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Why Are Robins So Big in the Spring?

Learn why robins are bigger in the spring | Iowa DNRJust like the first sighting of a robin marks spring for many people, so does the arrival of animal babies. But in this case, robins aren’t big in the spring because they’re ready to lay eggs. They’re not bigger at all – just really cold.

On cool spring mornings and chilly days, robins puff out their feathers – called rousing – to stay warm. It fluffs air into the bird’s down feathers, giving some insulation to help the robin maintain its body temperature. Other times, that large-looking robin could be a male puffing up his chest to display his territory or to attract a female for breeding.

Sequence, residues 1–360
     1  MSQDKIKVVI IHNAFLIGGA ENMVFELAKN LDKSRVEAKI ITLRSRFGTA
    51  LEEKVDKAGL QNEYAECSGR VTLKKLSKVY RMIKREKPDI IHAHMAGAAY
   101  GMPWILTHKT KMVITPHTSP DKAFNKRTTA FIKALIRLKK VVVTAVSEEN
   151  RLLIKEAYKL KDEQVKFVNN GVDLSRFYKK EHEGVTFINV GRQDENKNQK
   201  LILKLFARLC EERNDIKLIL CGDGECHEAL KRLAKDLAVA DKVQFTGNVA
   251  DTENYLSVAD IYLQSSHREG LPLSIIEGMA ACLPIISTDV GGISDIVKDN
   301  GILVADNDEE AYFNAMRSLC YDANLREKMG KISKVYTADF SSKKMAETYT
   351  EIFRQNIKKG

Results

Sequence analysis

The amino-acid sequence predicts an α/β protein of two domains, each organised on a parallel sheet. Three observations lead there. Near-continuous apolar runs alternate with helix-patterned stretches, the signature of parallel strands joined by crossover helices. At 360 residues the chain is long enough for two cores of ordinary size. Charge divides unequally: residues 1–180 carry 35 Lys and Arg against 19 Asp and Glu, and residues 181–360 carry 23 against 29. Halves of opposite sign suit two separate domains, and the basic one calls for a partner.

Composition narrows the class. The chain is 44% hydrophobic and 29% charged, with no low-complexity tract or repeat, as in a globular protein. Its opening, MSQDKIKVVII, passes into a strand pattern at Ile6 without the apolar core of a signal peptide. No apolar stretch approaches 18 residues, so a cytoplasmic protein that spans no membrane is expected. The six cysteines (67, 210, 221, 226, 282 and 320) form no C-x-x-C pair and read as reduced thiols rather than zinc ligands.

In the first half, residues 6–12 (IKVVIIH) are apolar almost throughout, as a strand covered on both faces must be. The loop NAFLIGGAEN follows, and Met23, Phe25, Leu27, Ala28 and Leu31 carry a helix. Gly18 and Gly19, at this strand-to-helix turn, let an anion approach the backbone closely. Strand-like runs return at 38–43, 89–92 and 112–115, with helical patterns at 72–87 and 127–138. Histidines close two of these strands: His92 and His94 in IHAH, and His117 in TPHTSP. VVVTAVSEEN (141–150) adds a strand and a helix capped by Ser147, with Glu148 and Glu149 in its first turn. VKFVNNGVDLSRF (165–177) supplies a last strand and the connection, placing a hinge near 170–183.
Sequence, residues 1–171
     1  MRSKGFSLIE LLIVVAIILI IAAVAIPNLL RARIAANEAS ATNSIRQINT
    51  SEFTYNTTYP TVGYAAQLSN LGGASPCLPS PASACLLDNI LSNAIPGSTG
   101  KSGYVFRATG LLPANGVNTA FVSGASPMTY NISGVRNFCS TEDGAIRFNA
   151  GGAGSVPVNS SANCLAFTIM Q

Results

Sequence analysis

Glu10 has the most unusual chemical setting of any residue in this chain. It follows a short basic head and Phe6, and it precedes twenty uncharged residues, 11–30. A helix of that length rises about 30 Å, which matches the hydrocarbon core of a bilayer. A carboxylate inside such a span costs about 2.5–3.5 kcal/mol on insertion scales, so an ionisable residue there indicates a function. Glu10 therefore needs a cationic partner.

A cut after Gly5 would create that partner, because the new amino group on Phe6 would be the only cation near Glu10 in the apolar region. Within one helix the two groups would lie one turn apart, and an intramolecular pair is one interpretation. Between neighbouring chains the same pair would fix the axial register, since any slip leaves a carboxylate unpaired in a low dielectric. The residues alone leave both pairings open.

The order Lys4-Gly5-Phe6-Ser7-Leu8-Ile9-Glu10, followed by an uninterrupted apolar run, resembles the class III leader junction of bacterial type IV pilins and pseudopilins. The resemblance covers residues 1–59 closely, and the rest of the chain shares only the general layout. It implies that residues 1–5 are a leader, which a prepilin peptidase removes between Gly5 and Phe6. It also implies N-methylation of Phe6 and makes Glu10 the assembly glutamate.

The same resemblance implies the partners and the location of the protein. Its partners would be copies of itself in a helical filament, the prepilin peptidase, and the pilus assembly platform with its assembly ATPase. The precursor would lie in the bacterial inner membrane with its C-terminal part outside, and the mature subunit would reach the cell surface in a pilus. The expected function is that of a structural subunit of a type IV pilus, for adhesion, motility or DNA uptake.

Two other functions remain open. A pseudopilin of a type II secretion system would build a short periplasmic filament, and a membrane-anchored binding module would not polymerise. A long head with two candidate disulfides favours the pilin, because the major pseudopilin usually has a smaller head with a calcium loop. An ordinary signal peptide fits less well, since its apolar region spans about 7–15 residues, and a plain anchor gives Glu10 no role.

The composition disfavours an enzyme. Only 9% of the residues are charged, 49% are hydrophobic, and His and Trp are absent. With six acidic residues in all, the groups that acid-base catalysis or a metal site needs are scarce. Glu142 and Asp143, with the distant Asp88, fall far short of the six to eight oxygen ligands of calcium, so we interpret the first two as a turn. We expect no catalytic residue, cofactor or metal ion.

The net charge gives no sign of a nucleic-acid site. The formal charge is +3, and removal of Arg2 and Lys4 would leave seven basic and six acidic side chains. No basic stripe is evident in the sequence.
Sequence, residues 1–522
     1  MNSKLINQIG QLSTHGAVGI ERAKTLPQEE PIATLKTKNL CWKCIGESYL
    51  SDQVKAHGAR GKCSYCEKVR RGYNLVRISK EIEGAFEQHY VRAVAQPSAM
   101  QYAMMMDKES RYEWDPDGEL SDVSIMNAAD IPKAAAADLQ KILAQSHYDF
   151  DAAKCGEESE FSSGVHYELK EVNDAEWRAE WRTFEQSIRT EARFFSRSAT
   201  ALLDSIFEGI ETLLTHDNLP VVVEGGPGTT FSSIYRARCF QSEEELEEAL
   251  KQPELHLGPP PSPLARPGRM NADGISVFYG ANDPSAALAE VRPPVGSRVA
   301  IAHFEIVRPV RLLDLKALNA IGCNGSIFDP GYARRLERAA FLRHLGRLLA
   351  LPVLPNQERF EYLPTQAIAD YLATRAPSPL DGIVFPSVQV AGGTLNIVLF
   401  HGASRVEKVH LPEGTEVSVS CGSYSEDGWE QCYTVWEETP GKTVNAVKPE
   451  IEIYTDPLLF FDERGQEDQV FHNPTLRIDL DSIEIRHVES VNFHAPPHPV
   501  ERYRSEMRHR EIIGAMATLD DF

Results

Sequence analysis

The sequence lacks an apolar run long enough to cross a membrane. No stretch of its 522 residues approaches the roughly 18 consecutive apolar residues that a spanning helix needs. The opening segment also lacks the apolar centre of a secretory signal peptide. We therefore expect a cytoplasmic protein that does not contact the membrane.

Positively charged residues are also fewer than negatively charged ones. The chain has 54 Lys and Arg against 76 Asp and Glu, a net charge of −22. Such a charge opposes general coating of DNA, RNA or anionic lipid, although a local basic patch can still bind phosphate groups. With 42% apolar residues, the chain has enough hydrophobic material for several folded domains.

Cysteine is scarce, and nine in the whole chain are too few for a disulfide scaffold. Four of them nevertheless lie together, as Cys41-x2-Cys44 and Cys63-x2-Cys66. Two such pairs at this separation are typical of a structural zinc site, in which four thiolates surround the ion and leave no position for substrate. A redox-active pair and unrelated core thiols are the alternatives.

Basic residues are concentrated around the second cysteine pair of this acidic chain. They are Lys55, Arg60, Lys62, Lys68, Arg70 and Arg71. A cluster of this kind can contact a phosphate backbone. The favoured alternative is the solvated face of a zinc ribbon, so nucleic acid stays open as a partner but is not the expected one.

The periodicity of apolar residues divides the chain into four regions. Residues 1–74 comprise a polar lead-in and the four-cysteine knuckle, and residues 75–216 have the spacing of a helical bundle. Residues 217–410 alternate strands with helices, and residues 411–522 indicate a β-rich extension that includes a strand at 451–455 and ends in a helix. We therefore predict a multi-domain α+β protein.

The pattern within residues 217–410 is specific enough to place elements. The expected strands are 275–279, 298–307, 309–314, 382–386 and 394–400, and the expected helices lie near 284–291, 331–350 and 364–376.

But what about those eggs? It doesn’t take long for a robin to create and lay a clutch of three to five eggs. A robin can produce one egg a day, but you’d never know she was a mama by looking at her.

She then sits on the eggs for 16 to 17 days and spends another 16 to 17 days at the nest feeding the little hatchlings. Iowa robins usually try for two successful nest attempts between April and August.

You might even catch a glimpse of a cold and “fat” robin in the winter. While most Iowa robins still head south for the winter, robins may stick around in years with good fruit and berry supplies.

 

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